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Making A Difference, One dog at a time......

by Elizabeth Benzinger

I rescue beagles. Mostly beagles that are scheduled for euthanasia in animal control facilities. I tackle behavioral issues, broken bones, old age, shot gun pellets, heartworm, etc. No beagle is too down-and-out to find a good home.

There are a few shelters around the state that call me or e-mail me when they have a beagle they are going to euthanize. If I’m not already wall-to-wall with beagles, I pick up it up, have it spayed or neutered, deal with its other problems, and eventually place it as an indoor pet.

On a recent Saturday, I visited the Franklin County Animal Shelter. There were two adoption wards. Each room had about a dozen dogs in it; less than half of the cages were occupied. There were several other wards off-limits to the public. Wandering through them, I found scores of dogs. I found a beagle—upon closer inspection one eye was missing. My instinctive reaction of horror was cut short when the beagle rolled onto her back begging me to pet. Rubbing the little girl’s belly, it was apparent that I had found serious pet potential. I went to the front desk and gave the beagle’s number to the lady behind the window. She replied that she could only talk to me about the dogs in the adoption wards. I asked if I could reserve the beagle and she simply repeated herself. “OK, hypothetically how would one go about adopting one of those dogs?” Now I was told the veterinarian decided which animals were adoptable and those would be placed in the adoption ward. I didn’t expect this one-eyed beagle to pass muster. Asking if I could speak to the vet, I was told that the vet comes in and leaves before the facility opens, so no.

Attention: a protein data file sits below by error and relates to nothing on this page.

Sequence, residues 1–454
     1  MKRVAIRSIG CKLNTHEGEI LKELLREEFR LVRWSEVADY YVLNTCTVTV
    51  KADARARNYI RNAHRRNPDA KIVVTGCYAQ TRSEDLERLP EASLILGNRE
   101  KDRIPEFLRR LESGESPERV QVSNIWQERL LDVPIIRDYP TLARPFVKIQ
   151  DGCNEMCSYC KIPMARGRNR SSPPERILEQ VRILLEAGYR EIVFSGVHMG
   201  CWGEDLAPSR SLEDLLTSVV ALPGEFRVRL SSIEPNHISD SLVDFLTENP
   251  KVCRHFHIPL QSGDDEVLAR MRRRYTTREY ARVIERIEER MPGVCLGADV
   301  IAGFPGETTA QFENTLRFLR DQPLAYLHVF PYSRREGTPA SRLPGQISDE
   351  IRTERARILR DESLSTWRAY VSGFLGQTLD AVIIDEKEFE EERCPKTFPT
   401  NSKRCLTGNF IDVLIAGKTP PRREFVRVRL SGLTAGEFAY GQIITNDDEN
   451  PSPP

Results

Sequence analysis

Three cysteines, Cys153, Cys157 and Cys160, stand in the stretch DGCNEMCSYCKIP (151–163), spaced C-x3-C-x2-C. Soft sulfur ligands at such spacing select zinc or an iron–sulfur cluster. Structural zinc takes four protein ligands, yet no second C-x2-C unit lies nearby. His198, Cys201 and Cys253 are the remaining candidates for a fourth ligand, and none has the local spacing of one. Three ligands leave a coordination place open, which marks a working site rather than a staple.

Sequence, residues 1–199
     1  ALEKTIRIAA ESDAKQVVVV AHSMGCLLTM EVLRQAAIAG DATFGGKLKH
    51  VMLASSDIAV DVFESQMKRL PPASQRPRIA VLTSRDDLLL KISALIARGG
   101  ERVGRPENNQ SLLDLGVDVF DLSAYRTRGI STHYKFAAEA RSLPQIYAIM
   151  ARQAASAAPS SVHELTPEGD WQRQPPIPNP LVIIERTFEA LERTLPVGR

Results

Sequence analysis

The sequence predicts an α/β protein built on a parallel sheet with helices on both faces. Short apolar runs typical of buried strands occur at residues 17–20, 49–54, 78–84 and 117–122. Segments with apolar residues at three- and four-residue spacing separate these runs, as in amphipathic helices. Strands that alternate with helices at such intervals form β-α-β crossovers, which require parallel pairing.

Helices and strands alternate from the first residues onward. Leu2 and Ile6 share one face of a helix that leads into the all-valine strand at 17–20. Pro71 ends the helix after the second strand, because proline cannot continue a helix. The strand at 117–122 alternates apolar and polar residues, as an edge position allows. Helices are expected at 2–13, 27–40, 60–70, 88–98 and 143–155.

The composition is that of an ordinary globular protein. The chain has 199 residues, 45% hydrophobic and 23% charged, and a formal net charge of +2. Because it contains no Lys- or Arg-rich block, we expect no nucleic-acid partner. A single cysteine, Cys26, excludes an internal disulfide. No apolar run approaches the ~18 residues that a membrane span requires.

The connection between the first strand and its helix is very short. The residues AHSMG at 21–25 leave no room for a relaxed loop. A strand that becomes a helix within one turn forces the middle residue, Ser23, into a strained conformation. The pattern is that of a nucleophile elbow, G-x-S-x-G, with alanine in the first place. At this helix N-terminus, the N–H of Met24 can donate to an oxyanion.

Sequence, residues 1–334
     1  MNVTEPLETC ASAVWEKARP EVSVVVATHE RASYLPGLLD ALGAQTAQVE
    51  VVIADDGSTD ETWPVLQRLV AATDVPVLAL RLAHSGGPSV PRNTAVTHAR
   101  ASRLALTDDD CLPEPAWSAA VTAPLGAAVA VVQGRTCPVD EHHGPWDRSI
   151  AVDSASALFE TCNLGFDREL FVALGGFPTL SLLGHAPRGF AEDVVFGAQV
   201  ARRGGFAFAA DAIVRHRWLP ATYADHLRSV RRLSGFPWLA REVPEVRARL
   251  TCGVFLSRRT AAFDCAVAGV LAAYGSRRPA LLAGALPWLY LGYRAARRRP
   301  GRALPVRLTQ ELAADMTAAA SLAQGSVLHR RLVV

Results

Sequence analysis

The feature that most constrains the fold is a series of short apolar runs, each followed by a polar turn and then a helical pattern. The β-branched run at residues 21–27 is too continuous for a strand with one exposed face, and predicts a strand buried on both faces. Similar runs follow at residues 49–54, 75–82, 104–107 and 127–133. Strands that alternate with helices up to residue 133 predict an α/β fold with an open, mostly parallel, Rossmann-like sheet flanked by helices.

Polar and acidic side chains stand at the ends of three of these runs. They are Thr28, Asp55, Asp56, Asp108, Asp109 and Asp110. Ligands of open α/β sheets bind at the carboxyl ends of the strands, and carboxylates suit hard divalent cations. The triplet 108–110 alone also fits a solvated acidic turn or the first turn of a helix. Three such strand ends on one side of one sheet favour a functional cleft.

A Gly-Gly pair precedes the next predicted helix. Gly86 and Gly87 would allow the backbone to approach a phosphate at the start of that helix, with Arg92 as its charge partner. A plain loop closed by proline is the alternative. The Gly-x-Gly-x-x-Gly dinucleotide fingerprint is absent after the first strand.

I slinked off and called everyone I knew who might know someone who could help me. I later received a message that the beagle would be in the adoption ward the next day, but no they couldn’t hold it for me. I took the day off work and adopted Winky that day. I usually identify myself as a rescue, but I didn’t this time because I had heard rumors that Franklin County won’t work with rescues.

The vet would have been correct to bypass Winky. She has socialization and housebreaking issues that a regular adoptive family might not be prepared to handle. As a rescue, I’m accustomed to these problems and know how to fix them. Aside from her lack of training, Winky is one of the lovingest dogs I’ve ever encountered. She loves to sit in my lap. She’d rather be with a human than do anything else. I can take her outside and she stays right with me and doesn’t run away. A little bit more work and I will place her as a children’s pet in a loving home. Then I will accept another beagle from a shelter somewhere and do it all over again.

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